Last month, the CHF Colloquium saw 90 carers and consumers of Australia’s health system look to the future of advocacy in a reformed and changing health environment, including NDIS.
People with lived experience provide a unique opportunity for better service design – service design delivered in a way which can be more readily consumed. There is a broad consensus that lived experience of users is the most effective way to design, as users can best express how they wish to interact with the service, whether face-to-face, online or otherwise.
Advocates are often there to:
- Stand up for people who aren’t getting access to the system in the right way or can’t get provision of services they’re entitled to,
- Help consumers of services understand what they’re entitled to and navigate the processes,
- Engage with consumers and carers to work out what could be improved – what’s lacking in a particular area, what’s lacking in service delivery, or what’s oversupplied: enhance, reduce, create, eliminate.
The Role of Advocacy is Changing
With that background in mind, the Colloquium gathered 90 organisations together, recognising that given the changes in the health system and incursion of digital technologies, the role of advocacy is changing. The government has drastically altered the way it’s funding advocacy, and many organisations are now concerned with how they will stay operational if they’re dependent on programmatic funding – especially under the NDIS, where advocacy work has been significantly transformed. The Colloquium pooled people together to create a broader network, with the aim being to:
- Co-design potential activities to reinforce their value to both consumers and to government,
- Figure out how to operate more efficiently, reducing timewaste and rework,
- Co-ordinate their message for greater impact with government.
Government representatives also attended the session, ostensibly to hear these views towards becoming more conscious of the value of advocacy, but also to help design how they were going to approach funding in accordance with the outcomes of the Colloquium.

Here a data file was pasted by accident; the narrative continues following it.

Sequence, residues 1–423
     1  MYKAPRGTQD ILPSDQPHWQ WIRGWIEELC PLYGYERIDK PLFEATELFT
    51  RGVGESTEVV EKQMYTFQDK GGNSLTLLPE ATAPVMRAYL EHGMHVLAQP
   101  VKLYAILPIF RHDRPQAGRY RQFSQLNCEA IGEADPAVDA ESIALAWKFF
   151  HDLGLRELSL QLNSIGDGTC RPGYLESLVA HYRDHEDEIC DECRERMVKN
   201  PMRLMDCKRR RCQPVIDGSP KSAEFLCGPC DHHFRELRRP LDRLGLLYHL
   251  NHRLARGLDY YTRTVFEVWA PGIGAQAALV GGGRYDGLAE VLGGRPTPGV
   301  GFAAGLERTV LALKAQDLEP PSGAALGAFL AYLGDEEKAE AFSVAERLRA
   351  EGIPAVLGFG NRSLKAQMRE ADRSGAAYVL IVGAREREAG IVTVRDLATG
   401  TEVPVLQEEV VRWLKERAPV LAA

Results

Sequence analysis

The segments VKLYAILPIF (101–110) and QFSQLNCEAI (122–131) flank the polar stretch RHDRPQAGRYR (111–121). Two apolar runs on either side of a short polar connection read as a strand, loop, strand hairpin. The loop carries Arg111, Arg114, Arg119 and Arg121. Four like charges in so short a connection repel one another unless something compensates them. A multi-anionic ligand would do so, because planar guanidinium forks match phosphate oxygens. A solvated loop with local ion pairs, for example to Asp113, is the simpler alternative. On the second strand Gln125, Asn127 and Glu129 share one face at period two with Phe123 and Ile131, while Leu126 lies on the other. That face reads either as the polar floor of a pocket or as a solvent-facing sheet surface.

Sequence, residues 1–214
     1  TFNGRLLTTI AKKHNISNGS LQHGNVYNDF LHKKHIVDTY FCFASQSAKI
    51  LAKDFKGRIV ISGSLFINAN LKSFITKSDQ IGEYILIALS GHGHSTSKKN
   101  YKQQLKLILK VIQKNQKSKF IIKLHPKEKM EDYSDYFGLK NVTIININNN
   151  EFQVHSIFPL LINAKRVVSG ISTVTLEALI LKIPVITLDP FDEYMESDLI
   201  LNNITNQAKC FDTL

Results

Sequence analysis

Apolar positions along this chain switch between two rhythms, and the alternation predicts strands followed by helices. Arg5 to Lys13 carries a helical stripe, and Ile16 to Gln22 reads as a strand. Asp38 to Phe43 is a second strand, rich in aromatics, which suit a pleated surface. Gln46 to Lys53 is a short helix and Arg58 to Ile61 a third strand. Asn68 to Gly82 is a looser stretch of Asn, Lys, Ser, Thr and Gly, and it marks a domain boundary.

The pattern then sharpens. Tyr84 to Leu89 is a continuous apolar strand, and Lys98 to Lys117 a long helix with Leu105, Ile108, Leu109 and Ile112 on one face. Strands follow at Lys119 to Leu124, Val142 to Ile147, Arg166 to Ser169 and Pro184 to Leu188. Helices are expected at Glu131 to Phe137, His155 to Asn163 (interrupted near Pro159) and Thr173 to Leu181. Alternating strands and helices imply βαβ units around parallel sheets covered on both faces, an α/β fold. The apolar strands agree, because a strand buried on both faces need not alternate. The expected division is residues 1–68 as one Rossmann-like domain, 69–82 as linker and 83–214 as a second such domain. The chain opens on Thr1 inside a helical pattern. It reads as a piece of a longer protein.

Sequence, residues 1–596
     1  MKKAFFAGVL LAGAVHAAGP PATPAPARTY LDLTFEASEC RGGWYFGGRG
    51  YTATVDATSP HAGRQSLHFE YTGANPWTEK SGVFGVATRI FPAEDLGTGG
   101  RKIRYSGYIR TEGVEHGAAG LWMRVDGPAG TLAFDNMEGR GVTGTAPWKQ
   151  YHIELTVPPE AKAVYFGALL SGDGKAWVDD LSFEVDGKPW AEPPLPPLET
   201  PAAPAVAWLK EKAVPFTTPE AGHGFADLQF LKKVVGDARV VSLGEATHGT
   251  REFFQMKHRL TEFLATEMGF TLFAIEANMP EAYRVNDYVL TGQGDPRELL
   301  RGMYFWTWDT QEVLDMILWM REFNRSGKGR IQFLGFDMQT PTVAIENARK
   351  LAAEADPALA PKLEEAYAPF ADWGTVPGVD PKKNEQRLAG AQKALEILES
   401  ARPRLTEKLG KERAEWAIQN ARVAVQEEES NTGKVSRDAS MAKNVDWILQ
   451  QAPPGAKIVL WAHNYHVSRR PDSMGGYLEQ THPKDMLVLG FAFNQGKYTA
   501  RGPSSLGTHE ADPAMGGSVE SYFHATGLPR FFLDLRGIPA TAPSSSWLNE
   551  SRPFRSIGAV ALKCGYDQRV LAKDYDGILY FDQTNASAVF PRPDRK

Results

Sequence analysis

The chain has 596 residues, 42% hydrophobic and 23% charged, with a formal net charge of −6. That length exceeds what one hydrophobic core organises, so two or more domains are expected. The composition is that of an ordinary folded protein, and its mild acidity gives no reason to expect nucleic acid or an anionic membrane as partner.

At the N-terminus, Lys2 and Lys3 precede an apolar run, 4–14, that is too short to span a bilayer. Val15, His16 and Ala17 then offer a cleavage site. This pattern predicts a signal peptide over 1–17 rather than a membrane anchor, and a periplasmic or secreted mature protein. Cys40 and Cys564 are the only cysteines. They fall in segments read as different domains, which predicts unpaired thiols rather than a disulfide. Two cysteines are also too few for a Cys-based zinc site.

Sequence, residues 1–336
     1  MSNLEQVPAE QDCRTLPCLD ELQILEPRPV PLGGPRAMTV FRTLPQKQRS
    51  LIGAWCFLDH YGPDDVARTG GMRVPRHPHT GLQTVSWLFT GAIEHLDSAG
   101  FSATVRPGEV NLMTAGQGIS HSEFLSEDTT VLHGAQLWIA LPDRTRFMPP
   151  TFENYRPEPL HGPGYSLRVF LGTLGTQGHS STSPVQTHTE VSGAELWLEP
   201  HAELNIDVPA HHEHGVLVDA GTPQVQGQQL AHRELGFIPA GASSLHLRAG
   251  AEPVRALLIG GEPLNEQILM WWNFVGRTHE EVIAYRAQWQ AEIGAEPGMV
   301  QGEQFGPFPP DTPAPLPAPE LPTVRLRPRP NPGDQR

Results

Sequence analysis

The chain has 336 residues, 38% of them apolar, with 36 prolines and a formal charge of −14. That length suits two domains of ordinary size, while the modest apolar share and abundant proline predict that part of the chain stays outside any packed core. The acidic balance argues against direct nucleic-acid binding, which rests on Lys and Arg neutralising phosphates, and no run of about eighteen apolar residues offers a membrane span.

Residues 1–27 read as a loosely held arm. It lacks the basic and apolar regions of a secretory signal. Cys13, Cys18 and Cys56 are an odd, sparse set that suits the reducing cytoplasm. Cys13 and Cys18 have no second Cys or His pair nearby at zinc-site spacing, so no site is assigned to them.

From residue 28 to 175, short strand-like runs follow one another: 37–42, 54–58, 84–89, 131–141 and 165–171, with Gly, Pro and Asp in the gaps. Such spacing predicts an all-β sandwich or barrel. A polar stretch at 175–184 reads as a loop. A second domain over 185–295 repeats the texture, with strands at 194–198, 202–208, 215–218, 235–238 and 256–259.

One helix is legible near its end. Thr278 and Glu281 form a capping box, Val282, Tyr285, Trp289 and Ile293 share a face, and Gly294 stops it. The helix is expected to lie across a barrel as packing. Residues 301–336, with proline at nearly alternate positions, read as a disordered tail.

Connecting People, Consolidating Voices
It was a really interesting session. From an advocacy perspective, we saw a reaffirmation of the value in advocacy (which, to be fair you would expect from a room of 90 advocates!). A particular challenge which became apparent was that there wasn’t a clear vision as to what should be new and different in the area of advocacy or how the attendees could arrive at different offerings. Having said that, there was a willingness to collaborate, to connect and to continue working towards redesigning services.
The great success of the Colloquium was, in a nutshell, connecting people. Consolidating voices and gaining a perspective on the need for a new value proposition regarding advocacy in the digital, programmatically changed and post-NDIS health domains.
As facilitator of this new network, the CHF is increasing in relevance to these advocates. They’re looking to create the platforms and be a secretariat to the group, to consolidate a voice on these issues, to lobby and research how to create that critical mass. For the advocates, and the community at large, the direct benefits are not yet visible yet. However, in a reduced funding environment, the only way they’re going to survive is to act together.